Archive for the ‘PIPELINES’ Category


Monday, April 16th, 2012


As the world’s appetite for oil and gas continues to increase while access to easily accessible reserves decreases, deep-sea oil and gas wells are being positioned in ever-deeper waters. The dangers and difficulties faced in such operations were highlighted in 2010 with the Deepwater Horizon oil spill. While placing a containment dome over a leak and piping the oil to a surface storage vessel had worked on leaks in shallower water, the attempt to do the same on the Deepwater Horizon’s largest leak failed when the formation of methane hydrate crystals blocked the opening at the top of the dome. Now researchers at MIT have developed surface coatings that can inhibit the buildup of these methane hydrates and keep the gas and oil flowing.

Methane hydrate is a solid cage-like compound – or clathrate – that forms under very high pressure in which a large amount of methane is trapped within a crystal structure of water to form an ice-like solid. Although it was originally thought to only occur in the outer reaches of the solar system, it is now estimated that total amount of methane contained in hydrates in the world’s seafloor is much greater than the total known reserves of all other fossil fuels combined.

Much like the buildup of cholesterol and fatty deposits on the inner walls of arteries inside the body, the buildup of methane hydrates – which can freeze upon contact with cold water in the depths of the ocean – inside a well casing or on the inner walls of pipes that carry oil or gas from the ocean depths can restrict or even block the flow of gas or oil. It was this kind of blocking that caused the failure of the containment dome technique attempt on the Deepwater Horizon leak.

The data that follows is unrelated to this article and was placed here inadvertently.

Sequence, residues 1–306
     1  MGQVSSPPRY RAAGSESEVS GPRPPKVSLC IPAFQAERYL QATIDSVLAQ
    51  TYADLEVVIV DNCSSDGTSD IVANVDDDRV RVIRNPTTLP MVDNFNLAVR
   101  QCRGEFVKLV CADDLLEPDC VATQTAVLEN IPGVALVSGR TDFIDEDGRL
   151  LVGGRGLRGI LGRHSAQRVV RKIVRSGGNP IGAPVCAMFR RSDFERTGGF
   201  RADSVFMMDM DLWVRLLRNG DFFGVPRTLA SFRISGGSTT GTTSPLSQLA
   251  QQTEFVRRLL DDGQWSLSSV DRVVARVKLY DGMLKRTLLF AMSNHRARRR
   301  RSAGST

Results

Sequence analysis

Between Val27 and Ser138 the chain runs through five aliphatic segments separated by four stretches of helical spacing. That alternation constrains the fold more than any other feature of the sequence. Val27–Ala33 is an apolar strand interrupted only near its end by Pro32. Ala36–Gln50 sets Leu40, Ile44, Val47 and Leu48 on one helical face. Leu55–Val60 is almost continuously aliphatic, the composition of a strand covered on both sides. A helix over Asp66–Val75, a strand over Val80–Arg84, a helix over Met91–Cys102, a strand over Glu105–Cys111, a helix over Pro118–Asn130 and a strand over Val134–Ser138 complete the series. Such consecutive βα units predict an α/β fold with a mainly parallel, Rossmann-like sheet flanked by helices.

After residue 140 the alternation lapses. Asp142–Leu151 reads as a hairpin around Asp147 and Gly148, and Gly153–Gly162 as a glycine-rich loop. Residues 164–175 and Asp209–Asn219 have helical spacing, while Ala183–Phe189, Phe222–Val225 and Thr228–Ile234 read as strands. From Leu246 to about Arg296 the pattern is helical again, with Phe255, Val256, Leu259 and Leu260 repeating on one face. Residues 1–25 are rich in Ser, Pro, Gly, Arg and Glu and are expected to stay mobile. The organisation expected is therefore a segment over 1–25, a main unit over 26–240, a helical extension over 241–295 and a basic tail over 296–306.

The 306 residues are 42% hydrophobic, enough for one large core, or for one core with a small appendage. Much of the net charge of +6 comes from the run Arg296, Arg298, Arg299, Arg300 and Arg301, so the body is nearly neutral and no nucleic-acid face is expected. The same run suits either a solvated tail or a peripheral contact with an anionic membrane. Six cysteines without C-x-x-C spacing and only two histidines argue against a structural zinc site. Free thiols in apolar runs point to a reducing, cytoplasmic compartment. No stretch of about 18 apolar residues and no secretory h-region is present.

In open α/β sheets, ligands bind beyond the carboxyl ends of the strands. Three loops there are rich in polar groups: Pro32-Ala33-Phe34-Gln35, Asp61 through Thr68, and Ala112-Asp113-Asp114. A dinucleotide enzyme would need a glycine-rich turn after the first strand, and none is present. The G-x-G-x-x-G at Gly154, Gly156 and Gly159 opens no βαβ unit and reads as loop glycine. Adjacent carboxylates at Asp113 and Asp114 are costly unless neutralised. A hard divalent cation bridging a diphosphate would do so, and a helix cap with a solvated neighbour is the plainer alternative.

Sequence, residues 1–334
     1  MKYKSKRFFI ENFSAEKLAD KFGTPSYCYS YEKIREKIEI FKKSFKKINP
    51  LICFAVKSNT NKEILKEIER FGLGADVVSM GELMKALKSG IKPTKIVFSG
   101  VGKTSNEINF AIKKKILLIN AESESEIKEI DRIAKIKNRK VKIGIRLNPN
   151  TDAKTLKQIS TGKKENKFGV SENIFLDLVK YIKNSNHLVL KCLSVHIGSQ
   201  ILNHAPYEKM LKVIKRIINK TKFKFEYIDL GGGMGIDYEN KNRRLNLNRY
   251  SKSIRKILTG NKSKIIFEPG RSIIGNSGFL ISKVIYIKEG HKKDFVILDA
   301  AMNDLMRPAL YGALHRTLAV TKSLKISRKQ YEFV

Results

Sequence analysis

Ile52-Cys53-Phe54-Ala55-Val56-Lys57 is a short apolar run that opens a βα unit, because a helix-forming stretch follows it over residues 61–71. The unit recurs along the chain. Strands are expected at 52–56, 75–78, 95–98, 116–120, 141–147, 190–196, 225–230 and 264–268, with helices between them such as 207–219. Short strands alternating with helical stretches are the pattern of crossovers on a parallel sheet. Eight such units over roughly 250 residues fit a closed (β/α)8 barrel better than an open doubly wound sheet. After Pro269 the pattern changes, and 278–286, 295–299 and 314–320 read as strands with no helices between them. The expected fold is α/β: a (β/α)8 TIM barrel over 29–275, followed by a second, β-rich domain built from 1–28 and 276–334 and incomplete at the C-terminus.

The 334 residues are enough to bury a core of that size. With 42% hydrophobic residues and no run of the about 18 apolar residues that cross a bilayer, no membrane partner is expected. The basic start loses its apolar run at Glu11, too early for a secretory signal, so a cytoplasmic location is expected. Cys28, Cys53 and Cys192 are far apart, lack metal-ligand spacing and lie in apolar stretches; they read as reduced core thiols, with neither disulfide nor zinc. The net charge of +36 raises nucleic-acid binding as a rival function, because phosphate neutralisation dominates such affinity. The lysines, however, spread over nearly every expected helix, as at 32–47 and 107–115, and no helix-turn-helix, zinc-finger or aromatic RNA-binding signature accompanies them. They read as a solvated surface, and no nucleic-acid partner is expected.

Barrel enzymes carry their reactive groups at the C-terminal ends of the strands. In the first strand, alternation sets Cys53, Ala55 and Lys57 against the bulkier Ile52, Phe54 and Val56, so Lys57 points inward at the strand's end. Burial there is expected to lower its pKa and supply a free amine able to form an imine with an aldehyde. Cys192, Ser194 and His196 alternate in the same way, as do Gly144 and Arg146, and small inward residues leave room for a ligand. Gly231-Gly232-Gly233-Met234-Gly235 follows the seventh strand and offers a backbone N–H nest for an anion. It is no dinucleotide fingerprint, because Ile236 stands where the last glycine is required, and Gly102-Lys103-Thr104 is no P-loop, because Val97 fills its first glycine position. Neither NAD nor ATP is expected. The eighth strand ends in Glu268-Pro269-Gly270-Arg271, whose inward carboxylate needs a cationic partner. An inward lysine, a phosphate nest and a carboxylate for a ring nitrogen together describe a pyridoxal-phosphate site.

Current techniques to prevent this happening include the heating or insulation of the pipes – which is expensive – or adding methanol into the flow of gas or oil – which can harm the environment if it escapes.

An MIT team led by associate professor of mechanical engineering Kripa Varanasi had been looking for a solution to this problem even before the Deepwater Horizon spill and now say they have found it. Having already studied the use of superhydrophobic surfaces to prevent the buildup of ordinary ice on things such as aircraft wings, the team decided to examine whether similar surfaces could be used to keep pipe walls clear of methane hydrates.

Using a simple “hydrate-phobic” coating, Varanasi and his colleagues were able to reduce the adhesion of hydrates in a pipe to one-quarter the amount compared to untreated surfaces.

“The oil and gas industries currently spend at least $200 million a year just on chemicals” to prevent methane hydrate buildups, Varanasi says. However, the total figure for prevention and lost production due to hydrates would be much, much higher. Using passive coatings on the insides of pipes would be much cheaper than current prevention techniques and allow the use of containment domes to capture flows from leaks in much deeper waters than is currently possible.

Additionally, the team says the test system they devised provides a simple and inexpensive way to search for even more effective inhibitors. They say their findings are also applicable to other adhesive solids, such as solder adhering to a circuit board, or calcite deposits inside plumbing lines. The testing methods developed by the researchers could also be used to evaluate coatings for a variety of commercial and industrial processes.